1) Please make sure that your deep sequencing data is available on the SRA and relevant computer code is available as supporting file or on a publicly accessible repository. If this is already the case, please clearly indicate in the manuscript where these can be found.

2) There are a few additional papers that you should consider discussing in the context of prior work:

Doolan KM, Colby DW: Conformation-dependent epitopes recognized by prion protein antibodies probed using mutational scanning and deep sequencing. J. Mol. Biol. 2015, 427:328-340.

Van Blarcom T, Rossi A, Foletti D, Sundar P, Pitts S, Bee C, Melton Witt J, Melton Z, Hasa-Moreno A, Shaughnessy L, et al.: Precise and efficient antibody epitope determination through library design, yeast display and next-generation sequencing. J. Mol. Biol. 2015, 427:1513-1534.

3) Your approach estimates fairly accurate KD at the cost of more experiments (multiple binds, multiple expression levels). For certain applications where precise KD values are overkill, it may be more efficacious to use the simpler designs like those used in some of the references that you cite – perhaps worth mentioning. Also, do you have any comments on the trade-off between sequencing depth and the accuracy of the inferred KD? Similarly for the number of sorting bins? Right now it isn't clear how these were chosen. Clearly your choices worked fine, but it would be nice to explain if there was rigorous rationale for choosing these (alternatively, you could just say that exploring the effects of these parameters is interesting for future work).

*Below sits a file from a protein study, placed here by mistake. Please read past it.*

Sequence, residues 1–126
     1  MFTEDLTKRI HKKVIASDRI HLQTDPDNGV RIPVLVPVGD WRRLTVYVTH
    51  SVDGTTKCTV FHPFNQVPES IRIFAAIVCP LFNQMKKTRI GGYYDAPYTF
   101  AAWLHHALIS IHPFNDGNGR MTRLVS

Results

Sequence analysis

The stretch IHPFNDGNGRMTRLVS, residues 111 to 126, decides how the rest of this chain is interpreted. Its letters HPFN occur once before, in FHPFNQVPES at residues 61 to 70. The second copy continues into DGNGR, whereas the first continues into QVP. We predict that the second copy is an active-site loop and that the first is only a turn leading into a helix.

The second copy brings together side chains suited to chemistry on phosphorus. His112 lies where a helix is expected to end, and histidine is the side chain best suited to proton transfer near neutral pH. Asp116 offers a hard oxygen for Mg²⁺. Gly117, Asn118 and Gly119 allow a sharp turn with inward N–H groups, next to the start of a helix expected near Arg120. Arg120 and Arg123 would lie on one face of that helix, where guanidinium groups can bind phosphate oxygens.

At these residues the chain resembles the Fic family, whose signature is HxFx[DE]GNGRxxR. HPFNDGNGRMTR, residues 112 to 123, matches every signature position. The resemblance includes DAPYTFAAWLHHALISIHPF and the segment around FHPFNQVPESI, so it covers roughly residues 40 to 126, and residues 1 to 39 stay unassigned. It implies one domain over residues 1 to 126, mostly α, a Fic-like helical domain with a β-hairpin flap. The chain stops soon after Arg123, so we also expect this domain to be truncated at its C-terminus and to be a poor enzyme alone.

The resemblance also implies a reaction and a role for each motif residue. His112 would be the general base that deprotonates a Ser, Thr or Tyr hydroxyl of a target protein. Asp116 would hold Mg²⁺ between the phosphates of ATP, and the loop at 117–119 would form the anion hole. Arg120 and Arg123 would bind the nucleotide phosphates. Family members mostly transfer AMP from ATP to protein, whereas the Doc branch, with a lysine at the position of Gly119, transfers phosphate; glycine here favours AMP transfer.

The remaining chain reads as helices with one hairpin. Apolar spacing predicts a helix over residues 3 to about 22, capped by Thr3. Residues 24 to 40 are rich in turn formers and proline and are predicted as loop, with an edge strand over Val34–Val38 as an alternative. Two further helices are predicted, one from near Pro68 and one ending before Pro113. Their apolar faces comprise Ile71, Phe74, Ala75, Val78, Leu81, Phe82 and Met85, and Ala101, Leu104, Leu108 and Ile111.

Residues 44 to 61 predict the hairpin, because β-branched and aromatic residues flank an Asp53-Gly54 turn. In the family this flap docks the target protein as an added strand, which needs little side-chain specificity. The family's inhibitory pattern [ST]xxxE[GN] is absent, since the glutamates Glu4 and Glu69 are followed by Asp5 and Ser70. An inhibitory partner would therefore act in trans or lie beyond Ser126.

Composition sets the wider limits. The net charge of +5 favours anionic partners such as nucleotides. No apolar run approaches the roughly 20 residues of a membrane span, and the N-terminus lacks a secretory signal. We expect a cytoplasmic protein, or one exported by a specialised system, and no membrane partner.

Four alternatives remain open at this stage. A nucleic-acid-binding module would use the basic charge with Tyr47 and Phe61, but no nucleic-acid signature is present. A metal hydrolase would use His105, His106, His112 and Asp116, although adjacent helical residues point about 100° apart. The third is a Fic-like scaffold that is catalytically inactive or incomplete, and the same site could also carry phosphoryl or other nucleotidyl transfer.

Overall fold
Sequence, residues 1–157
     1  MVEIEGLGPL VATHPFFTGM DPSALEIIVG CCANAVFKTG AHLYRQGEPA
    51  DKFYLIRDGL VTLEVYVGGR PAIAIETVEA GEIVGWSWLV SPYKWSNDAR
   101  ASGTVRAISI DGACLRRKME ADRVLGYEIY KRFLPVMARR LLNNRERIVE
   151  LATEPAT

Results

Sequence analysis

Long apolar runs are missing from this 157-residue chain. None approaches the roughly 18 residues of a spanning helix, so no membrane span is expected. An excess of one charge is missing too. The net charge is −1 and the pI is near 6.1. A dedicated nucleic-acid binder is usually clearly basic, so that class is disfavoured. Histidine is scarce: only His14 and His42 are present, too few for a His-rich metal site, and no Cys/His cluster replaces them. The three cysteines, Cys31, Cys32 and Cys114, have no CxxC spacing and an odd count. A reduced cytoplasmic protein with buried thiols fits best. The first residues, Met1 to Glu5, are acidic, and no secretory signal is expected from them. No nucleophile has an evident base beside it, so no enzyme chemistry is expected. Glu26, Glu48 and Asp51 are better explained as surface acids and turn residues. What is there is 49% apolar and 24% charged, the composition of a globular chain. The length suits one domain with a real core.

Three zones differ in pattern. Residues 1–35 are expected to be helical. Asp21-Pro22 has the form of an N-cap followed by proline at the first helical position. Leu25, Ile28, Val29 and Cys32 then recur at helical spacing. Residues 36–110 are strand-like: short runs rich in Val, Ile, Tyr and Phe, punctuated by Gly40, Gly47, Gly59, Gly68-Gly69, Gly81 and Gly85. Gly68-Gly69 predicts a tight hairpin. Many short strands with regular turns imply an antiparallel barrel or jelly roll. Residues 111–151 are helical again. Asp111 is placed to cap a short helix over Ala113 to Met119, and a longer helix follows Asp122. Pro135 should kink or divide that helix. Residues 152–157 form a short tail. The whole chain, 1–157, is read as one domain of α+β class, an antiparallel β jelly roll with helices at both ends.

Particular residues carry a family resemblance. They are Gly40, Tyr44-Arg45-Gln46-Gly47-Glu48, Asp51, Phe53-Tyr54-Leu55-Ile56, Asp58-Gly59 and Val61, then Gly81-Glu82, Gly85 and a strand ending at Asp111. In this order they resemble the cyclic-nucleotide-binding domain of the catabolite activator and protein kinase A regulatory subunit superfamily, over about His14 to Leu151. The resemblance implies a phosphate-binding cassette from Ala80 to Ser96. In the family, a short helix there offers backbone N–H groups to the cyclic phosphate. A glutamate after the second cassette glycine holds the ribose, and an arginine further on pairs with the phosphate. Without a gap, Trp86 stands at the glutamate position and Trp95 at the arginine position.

4) The relatively large unsigned error on two variants in Figure 4C (approximately 2 orders of magnitude in KD) should be commented on. Why is there such a discrepancy (Subsection “D. Tite-Seq can measure dissociation constants”; Figure 4C)?

5) Are the mutations outside of the dynamic range (KD > 10 μM) being used in determining correlation coefficients (Figure 4C; Figure 4—figure supplement 1; Figure 4—figure supplement 2)?

6) Please quantify the error in precision and accuracy of the method. In particular, the poorer correspondence between replicates in the binding range between 10-1000 nM KD should be mentioned.

7) Can you quantify error within replicates by inferring KD for synonymous mutations?

8) How big is the benefit of controlling for active surface-displayed protein? While it is clear that yeast surface expression and folded surface displayed protein varies between variants (Burns et al., 2014), it has been shown (yet still surprising!) that surface expression (and proper folding) effects are modest for yeast surface display experiments, particularly for residues that are reasonably surface-exposed (Kowalsky and Whitehead, 2016).

Burns, Michael L., et al. Directed evolution of brain-derived neurotrophic factor for improved folding and expression in Saccharomyces cerevisiae. Applied and environmental microbiology 2014, 80:5732-5742.